If you get a typical snowfall one day and there is 5 to 8 inches of snow piled up blocking your hive entrances you would leave it be? What about a week of sub-zero temps later when the snow has turned to ice?
I think if I left the screened bottom boards open for winter and the bees stayed in cluster due to low temps it would be OK to leave it blocked. But the first day above 50 degrees I'd have it open for them to fly. Fortunately we have those days down here.
Yes, I leave it.
The snow will melt back away from the hive from the hive's own warmth, and will almost always allow air penetration.
I've had situations where the hive was covered up to the second box. The bees came out the entrance, along the front of the hive and up to the top till they cleared the snow line, then flew around, and went back down. Never have I had a hive suffocate, no matter how deep the snow got.
And any day warm enough to have bees fly will be long enough for ice to melt back from any entrance. (As long as the hives are in sun, pointed south, etc. But that should be a given)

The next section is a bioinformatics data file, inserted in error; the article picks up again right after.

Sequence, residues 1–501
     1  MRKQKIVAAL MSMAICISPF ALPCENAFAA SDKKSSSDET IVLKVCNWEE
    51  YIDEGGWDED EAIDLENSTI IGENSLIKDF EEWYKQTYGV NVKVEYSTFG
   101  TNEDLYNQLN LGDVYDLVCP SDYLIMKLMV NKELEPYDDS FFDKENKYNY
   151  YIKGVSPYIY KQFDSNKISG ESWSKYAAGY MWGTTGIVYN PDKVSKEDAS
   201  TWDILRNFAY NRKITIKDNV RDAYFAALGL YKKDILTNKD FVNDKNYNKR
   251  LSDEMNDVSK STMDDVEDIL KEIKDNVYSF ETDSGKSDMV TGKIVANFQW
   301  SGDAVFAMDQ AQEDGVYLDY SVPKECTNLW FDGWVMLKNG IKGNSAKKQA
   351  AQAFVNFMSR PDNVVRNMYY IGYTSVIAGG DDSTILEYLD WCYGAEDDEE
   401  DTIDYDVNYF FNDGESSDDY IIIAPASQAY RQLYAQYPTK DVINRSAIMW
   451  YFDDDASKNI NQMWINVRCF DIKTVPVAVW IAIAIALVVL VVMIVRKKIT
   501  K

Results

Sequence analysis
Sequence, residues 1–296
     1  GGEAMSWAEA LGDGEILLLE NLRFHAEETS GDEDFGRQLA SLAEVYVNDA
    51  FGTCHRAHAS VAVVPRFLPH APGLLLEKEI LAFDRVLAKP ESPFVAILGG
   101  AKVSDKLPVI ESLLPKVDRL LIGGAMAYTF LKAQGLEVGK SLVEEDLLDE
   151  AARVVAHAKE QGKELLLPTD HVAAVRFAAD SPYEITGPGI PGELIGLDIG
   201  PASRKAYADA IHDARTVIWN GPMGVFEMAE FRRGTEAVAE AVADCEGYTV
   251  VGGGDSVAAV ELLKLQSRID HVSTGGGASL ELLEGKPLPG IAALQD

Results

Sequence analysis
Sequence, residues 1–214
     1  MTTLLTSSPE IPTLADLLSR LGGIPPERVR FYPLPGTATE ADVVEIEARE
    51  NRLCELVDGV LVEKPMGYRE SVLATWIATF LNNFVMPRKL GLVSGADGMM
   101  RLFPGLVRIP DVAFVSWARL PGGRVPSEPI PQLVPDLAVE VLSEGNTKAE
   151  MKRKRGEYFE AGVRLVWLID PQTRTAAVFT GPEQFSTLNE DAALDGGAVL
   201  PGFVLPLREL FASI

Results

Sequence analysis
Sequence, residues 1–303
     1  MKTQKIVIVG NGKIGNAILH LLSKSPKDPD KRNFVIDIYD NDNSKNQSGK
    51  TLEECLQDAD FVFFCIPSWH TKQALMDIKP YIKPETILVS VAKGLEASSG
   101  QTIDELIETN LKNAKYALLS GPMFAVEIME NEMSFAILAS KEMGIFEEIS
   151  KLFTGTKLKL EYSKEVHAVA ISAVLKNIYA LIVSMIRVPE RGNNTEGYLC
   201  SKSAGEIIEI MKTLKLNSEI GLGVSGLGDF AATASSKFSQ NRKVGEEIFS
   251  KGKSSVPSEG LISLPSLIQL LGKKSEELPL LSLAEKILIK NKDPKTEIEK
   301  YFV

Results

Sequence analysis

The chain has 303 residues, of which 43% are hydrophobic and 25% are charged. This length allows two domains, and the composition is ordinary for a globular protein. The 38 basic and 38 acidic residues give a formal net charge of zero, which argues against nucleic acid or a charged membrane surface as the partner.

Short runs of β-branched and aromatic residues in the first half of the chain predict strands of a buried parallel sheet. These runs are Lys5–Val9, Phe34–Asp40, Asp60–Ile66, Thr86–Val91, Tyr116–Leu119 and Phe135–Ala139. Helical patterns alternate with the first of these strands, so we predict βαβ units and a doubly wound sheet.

Last year, we had back to back huge snow storms that dumped 24 inched each time. I had a hive (three 5 frame boxes) fall off the stand between the storms. The second storm buried the entire hive under 24 inches of snow. 4 days later when I found it, all I saw was a small hump in the snow. I dug it out, and the bee cluster looked fine. The bees just don't need much air exchange. And the idea that any hive would suffocate is stuff that urban legends are made. Someone probably mentioned it once, and it has been repeated over and over since then. Many things in beekeeping are like this.
Show me one article, one research paper, one first hand experience of a hive that suffocated. There are none. Yet, this idea of hives suffocating comes up constantly. It just does NOT happen. The hive's own loss of heat and the rising or warm air, creates air flow and exchange.
I'm actually surprised that some beekeeper or company has not come out with some heated front entrance to make a buck off this erroneous idea. I bet it would sound reasonable to many beekeepers who worry too much about nothing. Hold that thought.....I might have something for you guys after I look into this. :-D